How about letting'm drop ou... (Below threshold)
Alan Cole:

How about letting'm drop out at age 18 No Questions Asked -- or letting'm drop out at age 16 with parental permission if they also take & pass the GED?

Might provide some motivation for getting the GED under their belts. Otherwise, once they drop out, getting'm to refocus even just enough to go get a GED is more difficult.

-- Alan Cole, McLean (Fairfax County), Virginia, USA.

JT: If I were to remind you... (Below threshold)
plum:

JT: If I were to remind you that Gov. Lynch is a Mass native (Lynnfield) would that help you make up your mind? BTW: do you happen to know what the dropout rate is in NH? I always thought it was negligible.

Hey Jay,It's Gove... (Below threshold)
justme:

Hey Jay,

It's Governor John Lynch, not Peter Lynch. I think Peter Lynch is that financial guy.

Two points:1. Hig... (Below threshold)
superdestroyer:

Two points:

1. High school should be voluntary. Roll should not be taken in high school and funding should not be based upon attendence. School should be for those who want to learn and the others should be shown the door.

2. It is not the military's role to teach discipline. The last things the military needs is the unmotivated, illiterates that dropped out of school. Let those dropouts compete with the illegal immigrants for jobs.

Im a dropout myself. I dont... (Below threshold)
Aloha Mr. Amish:

Im a dropout myself. I dont know if its a law or anything, but when I left school I was able to take my GED(good enough diploma) as an 'early exit program.'

I'll second (and third and ... (Below threshold)
dodgeman:

I'll second (and third and fourth) the comments that "students" who don't want to be in school create disruptions and distractions from students who do. My oldest is in high school and daily comments that he can't hear the lesson, or that the teacher can't answer questions because SHE (another problem - lack of male teachers) spends most of the class time on discipline.

However, believe it or not, I also hear the same complaints from my elementary school child. A large part of the problem goes back to the parents who refuse to discipline their own children. I led a cub scout troop for a while, and I honestly think that the several times I had to discipline a child(time-out only, we had strict limits on us), it was the first time ANYONE EVER ADMINISTERED DISCIPLINE! And these were 8 and 9 year old boys.

There are no easy answers, and it'll take another generation to weed out the problems, but in the mean time letting kids out early will at least ensure the ones who want an education will get one.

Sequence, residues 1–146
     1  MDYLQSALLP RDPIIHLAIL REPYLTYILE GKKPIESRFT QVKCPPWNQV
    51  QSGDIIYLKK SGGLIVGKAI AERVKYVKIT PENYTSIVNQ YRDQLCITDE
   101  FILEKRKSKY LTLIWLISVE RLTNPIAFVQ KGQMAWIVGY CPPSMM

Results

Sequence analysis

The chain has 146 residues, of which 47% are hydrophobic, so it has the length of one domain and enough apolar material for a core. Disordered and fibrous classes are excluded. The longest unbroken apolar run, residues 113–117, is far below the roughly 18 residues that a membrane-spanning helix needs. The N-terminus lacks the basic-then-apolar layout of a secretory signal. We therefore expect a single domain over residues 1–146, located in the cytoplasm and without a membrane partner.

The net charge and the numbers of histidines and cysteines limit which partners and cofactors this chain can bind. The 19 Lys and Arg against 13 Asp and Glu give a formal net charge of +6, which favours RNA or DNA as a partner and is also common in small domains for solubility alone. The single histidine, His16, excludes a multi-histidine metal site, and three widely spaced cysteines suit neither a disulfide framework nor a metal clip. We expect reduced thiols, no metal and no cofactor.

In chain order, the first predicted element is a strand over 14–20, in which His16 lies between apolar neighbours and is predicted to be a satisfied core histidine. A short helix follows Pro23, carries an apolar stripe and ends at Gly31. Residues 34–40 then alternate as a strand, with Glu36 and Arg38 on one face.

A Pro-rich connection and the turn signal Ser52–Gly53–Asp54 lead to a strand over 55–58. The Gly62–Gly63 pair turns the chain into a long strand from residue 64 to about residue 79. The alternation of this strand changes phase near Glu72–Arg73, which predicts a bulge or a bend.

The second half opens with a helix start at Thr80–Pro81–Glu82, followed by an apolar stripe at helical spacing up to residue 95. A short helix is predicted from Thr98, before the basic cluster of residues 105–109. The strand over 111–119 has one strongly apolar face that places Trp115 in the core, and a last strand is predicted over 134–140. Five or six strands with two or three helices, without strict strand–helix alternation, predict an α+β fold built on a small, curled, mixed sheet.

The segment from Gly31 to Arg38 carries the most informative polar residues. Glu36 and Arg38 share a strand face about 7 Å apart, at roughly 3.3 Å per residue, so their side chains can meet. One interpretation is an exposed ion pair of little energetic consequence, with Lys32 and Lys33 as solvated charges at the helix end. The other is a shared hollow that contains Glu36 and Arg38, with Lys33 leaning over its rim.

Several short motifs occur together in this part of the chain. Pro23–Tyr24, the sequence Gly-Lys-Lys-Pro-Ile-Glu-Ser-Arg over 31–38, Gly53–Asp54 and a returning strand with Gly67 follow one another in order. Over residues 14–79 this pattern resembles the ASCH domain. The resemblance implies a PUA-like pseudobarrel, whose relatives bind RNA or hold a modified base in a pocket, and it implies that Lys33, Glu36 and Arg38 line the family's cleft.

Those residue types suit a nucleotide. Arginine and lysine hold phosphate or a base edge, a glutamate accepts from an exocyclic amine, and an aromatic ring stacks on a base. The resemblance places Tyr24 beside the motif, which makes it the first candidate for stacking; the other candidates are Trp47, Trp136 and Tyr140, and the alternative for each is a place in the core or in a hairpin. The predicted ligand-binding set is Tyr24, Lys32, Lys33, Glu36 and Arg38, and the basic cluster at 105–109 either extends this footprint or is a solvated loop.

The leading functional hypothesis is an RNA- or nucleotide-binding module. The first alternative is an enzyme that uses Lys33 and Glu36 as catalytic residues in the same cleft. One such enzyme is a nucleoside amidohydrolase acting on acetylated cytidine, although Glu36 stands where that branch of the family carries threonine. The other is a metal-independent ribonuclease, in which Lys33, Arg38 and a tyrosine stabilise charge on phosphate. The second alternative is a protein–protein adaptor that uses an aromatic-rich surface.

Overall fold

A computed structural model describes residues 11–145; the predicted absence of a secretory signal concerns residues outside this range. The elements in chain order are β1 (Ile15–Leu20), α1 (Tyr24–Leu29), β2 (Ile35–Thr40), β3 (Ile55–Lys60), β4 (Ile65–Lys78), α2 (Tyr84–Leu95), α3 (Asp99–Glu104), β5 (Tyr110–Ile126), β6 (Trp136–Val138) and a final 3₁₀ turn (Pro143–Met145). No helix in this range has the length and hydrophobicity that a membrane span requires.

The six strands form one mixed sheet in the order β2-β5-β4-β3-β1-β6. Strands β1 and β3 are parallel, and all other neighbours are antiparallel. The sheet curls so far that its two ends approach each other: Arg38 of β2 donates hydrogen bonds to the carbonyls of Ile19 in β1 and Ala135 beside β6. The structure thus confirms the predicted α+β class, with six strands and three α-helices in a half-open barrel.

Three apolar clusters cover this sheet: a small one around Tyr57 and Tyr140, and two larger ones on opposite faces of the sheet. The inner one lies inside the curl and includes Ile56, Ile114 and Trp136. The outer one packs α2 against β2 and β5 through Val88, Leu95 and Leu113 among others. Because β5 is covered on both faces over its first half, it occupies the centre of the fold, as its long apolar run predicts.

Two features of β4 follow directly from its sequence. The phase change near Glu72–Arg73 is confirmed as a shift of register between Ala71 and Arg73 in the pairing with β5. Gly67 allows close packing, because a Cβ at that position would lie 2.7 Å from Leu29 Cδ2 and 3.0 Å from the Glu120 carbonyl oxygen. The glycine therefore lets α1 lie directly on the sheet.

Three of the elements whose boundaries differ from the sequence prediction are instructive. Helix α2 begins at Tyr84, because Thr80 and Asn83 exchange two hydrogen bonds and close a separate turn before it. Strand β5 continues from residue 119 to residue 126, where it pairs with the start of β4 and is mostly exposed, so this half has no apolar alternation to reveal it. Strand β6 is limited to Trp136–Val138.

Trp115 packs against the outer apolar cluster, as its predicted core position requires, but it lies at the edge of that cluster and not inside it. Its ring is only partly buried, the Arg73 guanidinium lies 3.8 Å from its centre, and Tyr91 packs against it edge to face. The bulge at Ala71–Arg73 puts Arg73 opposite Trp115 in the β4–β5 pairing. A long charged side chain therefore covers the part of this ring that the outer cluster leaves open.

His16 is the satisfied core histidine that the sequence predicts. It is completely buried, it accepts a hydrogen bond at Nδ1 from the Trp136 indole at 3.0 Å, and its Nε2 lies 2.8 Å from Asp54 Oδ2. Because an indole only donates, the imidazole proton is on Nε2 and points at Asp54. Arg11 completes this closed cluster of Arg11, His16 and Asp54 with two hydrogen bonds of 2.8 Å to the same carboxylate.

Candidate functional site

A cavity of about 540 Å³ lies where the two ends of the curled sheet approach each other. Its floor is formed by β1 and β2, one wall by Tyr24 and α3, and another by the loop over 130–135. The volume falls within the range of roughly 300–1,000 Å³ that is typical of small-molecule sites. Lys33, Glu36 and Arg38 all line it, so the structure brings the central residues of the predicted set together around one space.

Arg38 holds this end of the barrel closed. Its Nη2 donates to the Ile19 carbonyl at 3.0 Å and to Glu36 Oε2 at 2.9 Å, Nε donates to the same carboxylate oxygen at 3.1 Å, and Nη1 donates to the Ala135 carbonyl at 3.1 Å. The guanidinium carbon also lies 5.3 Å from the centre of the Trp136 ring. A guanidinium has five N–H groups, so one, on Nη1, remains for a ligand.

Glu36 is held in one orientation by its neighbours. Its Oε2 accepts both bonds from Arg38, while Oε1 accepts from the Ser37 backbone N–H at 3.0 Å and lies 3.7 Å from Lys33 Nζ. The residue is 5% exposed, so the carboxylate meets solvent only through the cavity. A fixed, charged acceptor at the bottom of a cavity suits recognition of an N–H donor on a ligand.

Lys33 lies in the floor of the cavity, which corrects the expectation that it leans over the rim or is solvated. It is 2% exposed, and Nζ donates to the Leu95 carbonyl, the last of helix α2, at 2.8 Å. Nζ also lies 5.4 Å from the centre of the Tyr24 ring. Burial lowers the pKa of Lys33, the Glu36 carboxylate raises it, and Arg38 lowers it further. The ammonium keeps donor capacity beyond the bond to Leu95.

And besides, the ones who quit can fill in for lawn mowing and produce picking once we finally get serious about border security. (/sarcasm off).

Some of the above ideas sou... (Below threshold)
Moon Monkey:

Some of the above ideas sound like fair game to me,especially the GED requirement and the Military suggestion.
This past year I retired and moved to a part of the US that begs solution to America's education problems. In the event that anyone hasn't thought about it,high school graduation (or the lack thereof)has to be somewhere near the top of our country's social concerns.
I share Gov. Lynch's proposal idea,and I'll tell you why. Having grown up at a time when many many parents never finished school,with varying results in their lives,I think I can speak to that problem. Simply put,for the past 50 or so yrs,educators and legislators alike have failed our countries kids.
They blew it,and now that we have a society of too many recalcitrant,litigious and self-serving individuals running around...noone wants to deal with the problems in educating our youth. Noone wants to address the resolution of too many years of Permissiveness and Lowered Expectations in kids behavior and educational results.
It's been a long time since educators thought outside-the-box on much more than tenure and NEA protection.
Sometimes people have to be protected from themselves,and kids are no different. They definitely need to be guided for as long as necessary in order that they not be a burden to themselves or society in the future. It might take some extra thinking on our part,but if we continue down the path of sweeping the problem under the carpet,then we have noone to blame but ourselves for much of the civil unrest our country may be forced to experience in years to come.
Sorry for the Rant...I couldn't keep my mouth shut on this one. And to think I've only scratched the surface...sheesh!

I believe compulsory attend... (Below threshold)
Synova:

I believe compulsory attendance to be a rather large part of the problem so it's hard to see *more* compulsory attendance as the answer.

How about more choice? Make it easier for high school kids to go to vocational schools or other schools. How often is a "drop out" leaving school to get away from the social situation? Sure, it's important to go to school but for the most part students have no other choices and if "school" isn't working for them, what are they supposed to do?

I know I've read about at least one study that showed that drop outs were often smarter than average rather than just the dumb kids. Why do they drop out?